SEATTLE -- With one outing, rookie Daniel Hudson might have helped to keep a handful of other top prospects in the White Sox organization.
In his second start of the season and fourth of his brief major-league career, the right-hander was solid in a victory over the Seattle Mariners. A mere 11 days from the non-waiver trading deadline, Hudson might have sent a message to White Sox management that a deal for a starting pitcher isn’t necessary.
There was myriad story lines that could have sidetracked the hard-throwing Hudson, but he didn’t look distracted by any of it in the White Sox’s 6-1 victory.
It’s one thing to have to replace a guy like Jake Peavy, but Hudson was also pitching for a first-place team that was on a three-game losing streak.
If that wasn’t coming up big, consider the fact that if Hudson didn’t show the White Sox something impressive Monday, general manager Ken Williams might have been forced to strongly consider one of the lopsided trade options sitting on his desk.
Hudson could have been part of that package. At the very least, he would have been sent back to the minor leagues to make room for his replacement.
"I think I had a better tempo out there, I wasn’t going too fast, which I think was the problem,” Hudson said, comparing Monday’s outing with the five runs in four innings he gave up to the Royals on July 11. “I had a better slider, better breaking ball, so that helped a lot.”
Williams was already saying before Monday’s game that making a deal wasn’t going to be easy with what teams are asking for proven players. With one American League source saying Monday the White Sox were considering more high profile guys like Houston’s Roy Oswalt or Fausto Carmona, over somebody like a Ted Lilly, the price would have been plenty.
Another possibility is that Hudson’s outing might get White Sox management to lean more toward a left-handed power hitter as the deadline approaches. It could all come down to how Hudson performs in his next outing. If the White Sox decide not to skip his next turn, an option they have with Thursday’s off day, he would next pitch Sunday at Oakland.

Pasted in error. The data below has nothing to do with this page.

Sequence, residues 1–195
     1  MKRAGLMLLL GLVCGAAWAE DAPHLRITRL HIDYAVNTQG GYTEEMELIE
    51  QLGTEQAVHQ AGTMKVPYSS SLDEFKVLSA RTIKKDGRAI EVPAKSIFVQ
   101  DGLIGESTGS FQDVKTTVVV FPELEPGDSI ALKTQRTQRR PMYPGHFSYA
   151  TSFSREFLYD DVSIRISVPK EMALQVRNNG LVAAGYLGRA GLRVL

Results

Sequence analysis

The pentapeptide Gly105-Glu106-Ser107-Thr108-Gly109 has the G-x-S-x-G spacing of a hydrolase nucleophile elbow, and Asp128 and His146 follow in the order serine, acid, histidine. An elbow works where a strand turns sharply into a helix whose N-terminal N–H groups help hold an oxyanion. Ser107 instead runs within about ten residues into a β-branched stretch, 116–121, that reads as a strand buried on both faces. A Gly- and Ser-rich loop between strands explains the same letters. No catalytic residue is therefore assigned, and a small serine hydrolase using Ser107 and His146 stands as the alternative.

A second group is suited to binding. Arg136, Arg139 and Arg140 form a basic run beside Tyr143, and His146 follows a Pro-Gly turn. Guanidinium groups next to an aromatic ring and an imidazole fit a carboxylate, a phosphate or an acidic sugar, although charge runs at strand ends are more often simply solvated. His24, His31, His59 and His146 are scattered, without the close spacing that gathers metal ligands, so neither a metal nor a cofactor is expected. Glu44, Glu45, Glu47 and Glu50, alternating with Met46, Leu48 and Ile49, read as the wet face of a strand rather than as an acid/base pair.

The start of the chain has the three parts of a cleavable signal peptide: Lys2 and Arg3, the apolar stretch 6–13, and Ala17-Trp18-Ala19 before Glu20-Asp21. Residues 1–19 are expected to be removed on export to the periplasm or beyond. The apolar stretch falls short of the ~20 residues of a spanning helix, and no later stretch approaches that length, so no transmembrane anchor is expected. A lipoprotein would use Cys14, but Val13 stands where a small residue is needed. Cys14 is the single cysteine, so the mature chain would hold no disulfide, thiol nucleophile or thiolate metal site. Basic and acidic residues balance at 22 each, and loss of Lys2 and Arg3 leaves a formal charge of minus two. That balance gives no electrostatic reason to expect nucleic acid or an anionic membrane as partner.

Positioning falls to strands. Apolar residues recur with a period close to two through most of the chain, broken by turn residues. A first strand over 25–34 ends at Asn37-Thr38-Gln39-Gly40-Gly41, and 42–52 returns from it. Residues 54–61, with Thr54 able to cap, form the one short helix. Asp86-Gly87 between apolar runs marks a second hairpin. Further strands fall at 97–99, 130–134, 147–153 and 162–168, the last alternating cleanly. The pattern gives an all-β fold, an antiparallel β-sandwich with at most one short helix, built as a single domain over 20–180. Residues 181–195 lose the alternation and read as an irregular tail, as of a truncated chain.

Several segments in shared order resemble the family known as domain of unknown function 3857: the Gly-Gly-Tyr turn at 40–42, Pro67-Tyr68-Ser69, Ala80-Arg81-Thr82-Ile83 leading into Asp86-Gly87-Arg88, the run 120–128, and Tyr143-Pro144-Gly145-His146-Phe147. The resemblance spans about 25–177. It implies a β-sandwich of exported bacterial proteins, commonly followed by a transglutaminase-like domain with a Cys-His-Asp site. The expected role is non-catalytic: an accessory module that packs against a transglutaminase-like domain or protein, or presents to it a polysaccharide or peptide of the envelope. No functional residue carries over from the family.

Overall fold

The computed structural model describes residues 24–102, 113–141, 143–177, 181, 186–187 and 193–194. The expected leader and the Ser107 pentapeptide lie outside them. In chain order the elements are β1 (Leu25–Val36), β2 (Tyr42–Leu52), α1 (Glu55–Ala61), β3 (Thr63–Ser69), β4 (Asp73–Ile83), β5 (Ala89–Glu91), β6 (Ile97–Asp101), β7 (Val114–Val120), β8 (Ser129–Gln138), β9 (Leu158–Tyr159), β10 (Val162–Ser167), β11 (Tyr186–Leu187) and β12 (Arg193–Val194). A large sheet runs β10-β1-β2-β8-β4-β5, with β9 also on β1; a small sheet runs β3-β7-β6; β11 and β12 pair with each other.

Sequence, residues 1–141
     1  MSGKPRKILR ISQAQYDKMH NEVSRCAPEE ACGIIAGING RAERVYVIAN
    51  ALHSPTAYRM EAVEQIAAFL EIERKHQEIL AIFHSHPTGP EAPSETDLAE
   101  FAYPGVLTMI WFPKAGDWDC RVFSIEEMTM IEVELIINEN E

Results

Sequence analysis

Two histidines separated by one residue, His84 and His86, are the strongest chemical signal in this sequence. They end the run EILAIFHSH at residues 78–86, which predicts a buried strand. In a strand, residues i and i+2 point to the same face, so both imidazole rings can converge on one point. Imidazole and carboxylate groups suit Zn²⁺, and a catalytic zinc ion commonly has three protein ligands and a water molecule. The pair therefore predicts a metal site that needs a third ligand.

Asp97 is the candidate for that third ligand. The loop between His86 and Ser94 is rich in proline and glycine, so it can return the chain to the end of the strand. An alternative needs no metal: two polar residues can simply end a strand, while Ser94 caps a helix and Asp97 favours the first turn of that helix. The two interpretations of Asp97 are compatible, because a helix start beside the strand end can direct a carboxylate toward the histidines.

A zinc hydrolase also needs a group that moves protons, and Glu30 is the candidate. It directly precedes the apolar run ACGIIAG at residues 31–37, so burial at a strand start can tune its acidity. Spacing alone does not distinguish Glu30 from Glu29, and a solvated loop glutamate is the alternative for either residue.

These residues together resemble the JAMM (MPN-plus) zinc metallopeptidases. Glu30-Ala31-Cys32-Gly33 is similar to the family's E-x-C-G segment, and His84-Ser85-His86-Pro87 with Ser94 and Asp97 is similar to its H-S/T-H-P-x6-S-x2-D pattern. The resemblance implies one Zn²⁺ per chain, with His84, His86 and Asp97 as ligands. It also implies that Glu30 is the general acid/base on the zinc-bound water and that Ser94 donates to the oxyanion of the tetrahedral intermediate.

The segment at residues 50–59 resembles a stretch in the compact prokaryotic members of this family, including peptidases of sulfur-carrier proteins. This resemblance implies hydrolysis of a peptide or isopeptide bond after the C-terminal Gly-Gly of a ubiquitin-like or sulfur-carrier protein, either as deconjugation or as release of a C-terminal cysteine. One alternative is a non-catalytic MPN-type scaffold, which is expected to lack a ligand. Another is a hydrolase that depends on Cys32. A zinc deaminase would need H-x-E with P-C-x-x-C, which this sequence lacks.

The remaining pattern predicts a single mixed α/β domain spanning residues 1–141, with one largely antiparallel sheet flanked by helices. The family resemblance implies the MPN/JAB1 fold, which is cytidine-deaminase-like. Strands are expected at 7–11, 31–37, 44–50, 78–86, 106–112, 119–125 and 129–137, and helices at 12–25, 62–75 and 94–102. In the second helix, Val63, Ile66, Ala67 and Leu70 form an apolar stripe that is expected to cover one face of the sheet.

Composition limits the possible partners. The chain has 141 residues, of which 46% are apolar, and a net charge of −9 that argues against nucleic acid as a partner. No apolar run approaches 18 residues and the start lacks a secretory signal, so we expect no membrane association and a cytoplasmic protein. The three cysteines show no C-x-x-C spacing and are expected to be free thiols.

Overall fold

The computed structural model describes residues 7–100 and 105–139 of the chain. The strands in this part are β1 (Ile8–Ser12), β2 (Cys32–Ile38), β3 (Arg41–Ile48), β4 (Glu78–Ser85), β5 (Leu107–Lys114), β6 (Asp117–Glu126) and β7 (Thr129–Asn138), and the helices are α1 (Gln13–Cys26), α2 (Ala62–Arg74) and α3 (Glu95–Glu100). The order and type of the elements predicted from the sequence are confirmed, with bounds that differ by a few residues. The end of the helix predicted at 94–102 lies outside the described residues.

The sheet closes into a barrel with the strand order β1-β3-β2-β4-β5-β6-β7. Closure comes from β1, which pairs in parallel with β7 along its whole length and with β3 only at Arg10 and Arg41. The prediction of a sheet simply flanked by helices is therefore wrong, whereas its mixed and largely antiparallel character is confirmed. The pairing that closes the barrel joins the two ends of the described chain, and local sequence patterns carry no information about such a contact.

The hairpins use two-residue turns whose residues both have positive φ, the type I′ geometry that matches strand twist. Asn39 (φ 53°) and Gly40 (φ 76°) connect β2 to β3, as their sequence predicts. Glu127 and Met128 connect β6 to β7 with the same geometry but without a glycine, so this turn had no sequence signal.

“Hopefully I buy myself another [start],” Hudson said. “I got to keep going out there and doing my job. I can’t really think about how many starts this gives me. I’ve got to go out and pitch well against Oakland next time.”
It didn’t look good from the start Monday when Hudson walked the Mariners’ second batter of the game, Chone Figgins, and then gave up an RBI double to Russell Branyan. He rebounded, though, to strike out the side swinging in the second inning.
Two walks and an error in the third inning could have meant trouble, but catcher A.J. Pierzynski threw out Jack Wilson trying to steal and Hudson got revenge on Branyan by getting him to ground into an inning-ending double play.
By no means was it the sharpest outing. Hudson loaded the bases in the fifth inning, giving up two singles and a walk with two outs, but he got out of that one too. In addition to his four walks, he had six strikeouts and gave up five hits and a run in his 6 2/3 innings.
Manager Ozzie Guillen went to his bullpen in the seventh inning after a two-out infield single from Jack Wilson.
Hudson deserved plenty of the credit, but if he wanted to thank anybody, shaking Alex Rios’ hand would be a good start.
Rios doesn’t have the numbers to inspire pity, but general manager Ken Williams had no problem giving it to his productive outfielder anyway.
“Alex Rios could be hitting .400 if he had any kind of luck,” Williams said. “ I’ve never seen a guy hit the ball as hard as consistently for so long, and I don’t know what he’s hitting, .300 or somewhere around it, but he could be hitting.400 if he had any [luck].”
He got things to fall his way Monday, with a single in his first at-bat, a sacrifice fly for the White Sox’s first run in the third inning and a two-run home run in the fifth.
It was Rios’ 16th home run of the season, as he raised his batting average to .307 with his 2-for-4 night and lifted his RBI total to 54.
He is just one more on a long list of White Sox players that got it going in June. He entered Monday’s game with a .351 batting average (13-for-37) with two home runs and six RBIs in his last 10 games and a .317 batting average with 13 home runs and 44 RBIs.
By the numbers
100: Career home runs for Alex Rios after he connected on a two-run shot in the fifth inning Monday against the Seattle Mariners. After just five games it has already been a milestone second half for Rios. He connected on his 1,000th career hit Thursday at Minnesota.
“He has my confidence in him. We need him to help our bullpen the way we want to, Bobby has to be our closer. I expect that continue to happen. I think it’s one game. He blew a save before and bounced back very well.” – manager Ozzie Guillen, on closer Bobby Jenks, who gave up four runs Sunday as the Twins rallied for a victory.
John Danks (9-7, 3.58) will get his second start of the second half Tuesday against the Mariners. He earned the only victory in the recent four-game series against the Twins, giving up six runs on nine hits in six innings. All six runs came in the second inning. He is 2-0 with a 1.50 ERA in his last three outings against the Mariners. Danks will be opposed by Seattle’s Doug Fister (3-5, 3.50), who is 0-2 with a 7.08 ERA in four starts since coming off the disabled list.